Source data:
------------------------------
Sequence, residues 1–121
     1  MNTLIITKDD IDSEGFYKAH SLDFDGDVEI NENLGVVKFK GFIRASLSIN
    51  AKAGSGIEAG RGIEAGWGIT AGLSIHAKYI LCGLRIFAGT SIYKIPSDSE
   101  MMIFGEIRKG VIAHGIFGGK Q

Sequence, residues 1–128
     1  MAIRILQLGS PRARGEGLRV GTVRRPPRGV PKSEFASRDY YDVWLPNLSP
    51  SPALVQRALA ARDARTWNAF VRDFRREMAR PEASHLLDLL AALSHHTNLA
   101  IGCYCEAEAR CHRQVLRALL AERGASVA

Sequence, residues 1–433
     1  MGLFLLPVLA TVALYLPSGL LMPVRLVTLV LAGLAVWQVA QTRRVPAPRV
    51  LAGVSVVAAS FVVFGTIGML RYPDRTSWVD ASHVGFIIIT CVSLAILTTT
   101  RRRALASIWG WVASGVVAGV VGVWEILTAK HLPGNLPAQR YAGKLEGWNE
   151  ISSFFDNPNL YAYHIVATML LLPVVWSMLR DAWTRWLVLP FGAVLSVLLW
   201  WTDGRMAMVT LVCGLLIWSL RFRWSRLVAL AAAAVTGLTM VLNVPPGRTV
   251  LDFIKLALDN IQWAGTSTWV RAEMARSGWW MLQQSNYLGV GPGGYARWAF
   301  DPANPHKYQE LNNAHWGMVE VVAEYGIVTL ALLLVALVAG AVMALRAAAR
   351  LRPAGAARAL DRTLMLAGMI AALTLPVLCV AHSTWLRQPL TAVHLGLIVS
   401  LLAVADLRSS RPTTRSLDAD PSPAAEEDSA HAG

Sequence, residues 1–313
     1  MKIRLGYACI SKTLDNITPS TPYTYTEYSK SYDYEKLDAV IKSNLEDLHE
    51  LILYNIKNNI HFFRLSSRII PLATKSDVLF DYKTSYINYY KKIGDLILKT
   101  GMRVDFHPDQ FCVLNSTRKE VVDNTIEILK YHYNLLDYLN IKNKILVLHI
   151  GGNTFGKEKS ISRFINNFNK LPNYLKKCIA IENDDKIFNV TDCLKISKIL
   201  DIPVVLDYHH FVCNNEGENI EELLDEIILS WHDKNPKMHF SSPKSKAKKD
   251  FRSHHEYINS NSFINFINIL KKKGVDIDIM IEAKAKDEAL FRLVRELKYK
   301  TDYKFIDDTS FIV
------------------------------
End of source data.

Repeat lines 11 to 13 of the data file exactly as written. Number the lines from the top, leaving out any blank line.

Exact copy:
    51  LAGVSVVAAS FVVFGTIGML RYPDRTSWVD ASHVGFIIIT CVSLAILTTT
   101  RRRALASIWG WVASGVVAGV VGVWEILTAK HLPGNLPAQR YAGKLEGWNE
   151  ISSFFDNPNL YAYHIVATML LLPVVWSMLR DAWTRWLVLP FGAVLSVLLW